My friend Mary Brown, a retired United Methodist Minister, recently received a political questionnaire from Michael Steele and the Republican National Committee. Mary is NOT a Republican. However, she decided to respond to Mr. Steele, and I thought her letter worthy of sharing as a model for how to reach out to those on "the other side of the aisle", and reach beyond "agendas". Mary IS a person of hope, and she translates her hope (and faith) into action towards a positive future. You can read Mary's letter at the end of this post.
Mary is as active in her retirement (working to build a better world) as she was as a minister. If her experience is any indicator of what retirement can be like, I can't wait! Here's to working for a just and peaceful world every day of our lives.
March 1, 2010
Dear Chairman Steele:
I don’t know why I received this questionnaire because I am not a Republican; however, my parents were. Unfortunately, I think they would be “turning over in their graves” if they were aware of the mean spirited rhetoric expressed by so many of the Republican leaders in Washington today. Many Republicans seem more intent on seeing the present administration fail rather than they do in truly trying to work towards what is in the best interests of the American people in these difficult days. I know that there are philosophical differences between Republicans and Democrats; however, I believe that the present rancor and stalemate in Congress is destructive of our democracy.
I recently heard you, Chairman Steele, interviewed on the Tavis Smiley show. Although I didn’t agree with all your comments, I felt like you seemed to be a reasonable person. For example, you expressed a desire to “speak truth to power,” wherever such expression was needed, even if that meant speaking “truth” to the members of your own party. I like that quality!
So I would like to speak “truth” to you, Mr. Steele, from my perspective. In this country, we sometimes speak of “failed states,” usually referring to such nations, as Somalia, or the Congo or possibly Yemen. However, I believe that this nation is on the verge of becoming “a failed democracy.” This nation has been on an “unsustainable course” for many years now, whether in terms of its use of resources, consumer spending, or predatory financial practices, etc. World-wide climate change, global warming, massive poverty with billions living on less than $1 or $2 a day, the coming of Peak Oil, the melting of glaciers potentially affecting the fresh water supply for billions, these are the real “national security” issues which affect people all over the world. The solution to these issues will determine whether or not my grandchildren grow up to live in a nurturing world or a world is no longer able to sustain its inhabitants.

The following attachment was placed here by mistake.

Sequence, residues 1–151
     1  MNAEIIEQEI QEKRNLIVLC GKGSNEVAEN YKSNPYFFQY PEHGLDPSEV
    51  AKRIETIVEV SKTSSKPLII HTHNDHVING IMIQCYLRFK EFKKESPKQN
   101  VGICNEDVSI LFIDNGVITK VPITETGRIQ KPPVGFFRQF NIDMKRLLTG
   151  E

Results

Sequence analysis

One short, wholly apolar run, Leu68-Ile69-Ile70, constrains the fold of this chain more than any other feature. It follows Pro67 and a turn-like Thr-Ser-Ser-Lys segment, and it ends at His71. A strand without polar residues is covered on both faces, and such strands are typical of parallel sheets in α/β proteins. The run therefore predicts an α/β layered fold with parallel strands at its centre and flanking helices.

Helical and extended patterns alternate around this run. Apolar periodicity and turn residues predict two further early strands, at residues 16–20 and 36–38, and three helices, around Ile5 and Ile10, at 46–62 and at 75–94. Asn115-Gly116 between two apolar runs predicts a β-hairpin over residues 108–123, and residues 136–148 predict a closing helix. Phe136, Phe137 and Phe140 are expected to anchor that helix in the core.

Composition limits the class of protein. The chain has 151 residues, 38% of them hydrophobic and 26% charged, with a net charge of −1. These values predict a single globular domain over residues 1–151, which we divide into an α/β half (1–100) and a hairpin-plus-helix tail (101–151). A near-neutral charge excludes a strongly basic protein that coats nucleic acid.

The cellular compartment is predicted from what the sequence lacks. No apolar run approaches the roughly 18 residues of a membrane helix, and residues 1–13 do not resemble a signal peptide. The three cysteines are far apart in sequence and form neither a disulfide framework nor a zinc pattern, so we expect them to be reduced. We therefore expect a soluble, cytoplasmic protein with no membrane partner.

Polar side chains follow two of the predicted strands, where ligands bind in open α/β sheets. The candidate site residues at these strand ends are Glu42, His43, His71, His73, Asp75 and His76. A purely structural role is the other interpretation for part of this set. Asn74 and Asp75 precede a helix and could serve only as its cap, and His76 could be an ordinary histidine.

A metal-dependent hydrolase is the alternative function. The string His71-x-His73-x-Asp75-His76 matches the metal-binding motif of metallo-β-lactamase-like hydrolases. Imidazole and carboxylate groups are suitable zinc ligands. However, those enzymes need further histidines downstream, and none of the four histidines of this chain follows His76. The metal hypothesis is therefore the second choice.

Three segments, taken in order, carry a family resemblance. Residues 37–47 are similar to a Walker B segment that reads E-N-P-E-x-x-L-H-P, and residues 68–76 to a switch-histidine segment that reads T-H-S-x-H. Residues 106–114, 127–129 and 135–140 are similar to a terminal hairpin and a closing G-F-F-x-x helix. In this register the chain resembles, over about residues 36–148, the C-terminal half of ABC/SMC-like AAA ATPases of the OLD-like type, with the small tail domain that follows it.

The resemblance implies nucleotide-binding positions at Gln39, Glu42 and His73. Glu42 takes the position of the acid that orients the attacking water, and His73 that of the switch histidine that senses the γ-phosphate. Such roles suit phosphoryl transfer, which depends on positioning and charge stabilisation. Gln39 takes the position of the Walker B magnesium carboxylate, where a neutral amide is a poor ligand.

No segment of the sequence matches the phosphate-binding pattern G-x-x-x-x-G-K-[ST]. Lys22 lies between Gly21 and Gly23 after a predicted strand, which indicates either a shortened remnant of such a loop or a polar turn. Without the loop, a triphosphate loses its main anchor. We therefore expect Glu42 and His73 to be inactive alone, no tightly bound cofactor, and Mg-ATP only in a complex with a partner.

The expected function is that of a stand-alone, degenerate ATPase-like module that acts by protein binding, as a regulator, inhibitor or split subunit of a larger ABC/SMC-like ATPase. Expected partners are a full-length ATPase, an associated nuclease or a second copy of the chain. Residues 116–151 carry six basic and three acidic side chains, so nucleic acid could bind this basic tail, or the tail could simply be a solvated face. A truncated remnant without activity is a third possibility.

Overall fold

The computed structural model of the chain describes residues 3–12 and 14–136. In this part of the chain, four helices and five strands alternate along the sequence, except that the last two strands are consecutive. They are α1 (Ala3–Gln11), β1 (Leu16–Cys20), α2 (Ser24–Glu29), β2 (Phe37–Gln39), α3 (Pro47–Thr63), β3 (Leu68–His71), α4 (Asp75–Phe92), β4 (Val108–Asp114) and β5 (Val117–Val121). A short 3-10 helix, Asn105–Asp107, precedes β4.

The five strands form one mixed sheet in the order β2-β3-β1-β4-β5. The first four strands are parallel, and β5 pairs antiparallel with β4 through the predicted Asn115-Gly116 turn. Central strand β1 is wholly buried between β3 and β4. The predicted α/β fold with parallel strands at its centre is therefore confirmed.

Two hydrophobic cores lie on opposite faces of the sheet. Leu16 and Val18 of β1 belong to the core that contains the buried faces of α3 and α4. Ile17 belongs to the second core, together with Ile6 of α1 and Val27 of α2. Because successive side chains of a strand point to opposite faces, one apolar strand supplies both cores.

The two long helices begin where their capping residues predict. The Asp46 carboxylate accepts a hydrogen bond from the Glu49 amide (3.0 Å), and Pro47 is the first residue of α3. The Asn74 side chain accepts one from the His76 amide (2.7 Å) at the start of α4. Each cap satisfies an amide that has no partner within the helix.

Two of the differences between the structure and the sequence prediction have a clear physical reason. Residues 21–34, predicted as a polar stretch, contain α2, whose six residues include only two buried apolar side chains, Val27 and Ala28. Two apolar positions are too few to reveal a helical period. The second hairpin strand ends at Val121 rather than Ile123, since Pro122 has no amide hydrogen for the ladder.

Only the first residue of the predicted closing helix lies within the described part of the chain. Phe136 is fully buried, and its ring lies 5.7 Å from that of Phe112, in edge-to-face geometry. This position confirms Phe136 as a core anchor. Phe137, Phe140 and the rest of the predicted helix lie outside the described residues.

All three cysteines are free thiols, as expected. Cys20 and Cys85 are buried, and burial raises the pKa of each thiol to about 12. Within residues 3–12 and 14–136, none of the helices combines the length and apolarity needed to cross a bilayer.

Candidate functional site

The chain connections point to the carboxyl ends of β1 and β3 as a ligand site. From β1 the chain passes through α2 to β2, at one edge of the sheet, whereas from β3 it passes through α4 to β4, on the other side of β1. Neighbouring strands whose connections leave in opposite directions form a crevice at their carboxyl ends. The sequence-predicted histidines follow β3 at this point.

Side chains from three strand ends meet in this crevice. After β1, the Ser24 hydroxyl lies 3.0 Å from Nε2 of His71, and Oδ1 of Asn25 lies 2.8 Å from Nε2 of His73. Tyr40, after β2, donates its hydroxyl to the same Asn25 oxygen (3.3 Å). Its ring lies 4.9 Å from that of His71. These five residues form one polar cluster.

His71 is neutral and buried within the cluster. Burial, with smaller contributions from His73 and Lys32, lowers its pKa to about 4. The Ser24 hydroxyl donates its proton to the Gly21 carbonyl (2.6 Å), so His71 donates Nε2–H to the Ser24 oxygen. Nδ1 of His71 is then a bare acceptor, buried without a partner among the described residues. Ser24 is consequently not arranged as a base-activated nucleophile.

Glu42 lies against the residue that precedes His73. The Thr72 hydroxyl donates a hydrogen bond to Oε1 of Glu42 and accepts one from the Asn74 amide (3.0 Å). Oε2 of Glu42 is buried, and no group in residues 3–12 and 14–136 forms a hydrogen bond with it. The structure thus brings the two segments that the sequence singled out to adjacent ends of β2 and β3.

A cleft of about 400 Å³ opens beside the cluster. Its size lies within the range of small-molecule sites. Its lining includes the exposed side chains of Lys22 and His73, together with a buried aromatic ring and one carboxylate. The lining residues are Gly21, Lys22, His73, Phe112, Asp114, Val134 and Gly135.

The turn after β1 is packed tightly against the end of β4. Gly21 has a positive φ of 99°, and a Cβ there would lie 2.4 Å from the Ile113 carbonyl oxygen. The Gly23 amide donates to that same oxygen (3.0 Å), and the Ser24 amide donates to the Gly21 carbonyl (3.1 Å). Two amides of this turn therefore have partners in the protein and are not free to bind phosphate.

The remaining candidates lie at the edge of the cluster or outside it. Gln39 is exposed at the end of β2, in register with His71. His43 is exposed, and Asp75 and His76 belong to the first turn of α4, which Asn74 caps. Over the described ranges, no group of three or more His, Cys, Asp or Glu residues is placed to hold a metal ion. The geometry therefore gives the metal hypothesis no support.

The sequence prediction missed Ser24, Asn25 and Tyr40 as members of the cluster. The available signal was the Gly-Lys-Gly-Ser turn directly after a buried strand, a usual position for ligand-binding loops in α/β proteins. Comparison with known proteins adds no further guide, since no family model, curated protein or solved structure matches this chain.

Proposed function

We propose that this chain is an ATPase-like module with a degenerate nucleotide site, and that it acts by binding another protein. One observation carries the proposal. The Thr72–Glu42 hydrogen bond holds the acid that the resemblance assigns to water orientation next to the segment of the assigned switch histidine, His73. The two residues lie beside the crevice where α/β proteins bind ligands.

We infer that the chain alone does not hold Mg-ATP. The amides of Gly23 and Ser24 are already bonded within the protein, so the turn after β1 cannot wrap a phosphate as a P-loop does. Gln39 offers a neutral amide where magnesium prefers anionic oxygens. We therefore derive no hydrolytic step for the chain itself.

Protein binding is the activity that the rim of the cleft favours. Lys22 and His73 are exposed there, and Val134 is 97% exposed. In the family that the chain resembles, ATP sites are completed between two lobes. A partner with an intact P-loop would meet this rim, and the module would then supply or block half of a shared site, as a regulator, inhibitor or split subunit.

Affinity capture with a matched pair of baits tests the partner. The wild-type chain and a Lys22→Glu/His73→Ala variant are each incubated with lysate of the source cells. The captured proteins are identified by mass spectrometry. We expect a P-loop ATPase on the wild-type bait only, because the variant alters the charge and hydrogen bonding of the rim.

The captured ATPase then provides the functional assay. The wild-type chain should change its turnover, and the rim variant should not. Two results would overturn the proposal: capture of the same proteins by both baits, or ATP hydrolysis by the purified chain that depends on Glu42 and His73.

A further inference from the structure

Therefore, I am dismayed at the lack of visionary leadership in Washington. I am dismayed that 41 individuals out of this nation of over 300,000,000 people can obstruct legislation from even coming up for a vote! I believe most politicians do not offer visionary leadership because of their need to raise money for the next election cycle and because of the pressure of lobbyists. Doris “Granny D” Haddock walked from Pasadena to Washington, D.C. in 1999 at the age of 89 to raise public awareness about the need for finance reform for elections! It is ironic that just days before her 100th birthday on January 24th, the Supreme Court voted to allow unions and corporations to spend unlimited amounts of money in support of political candidates. Again, money is power!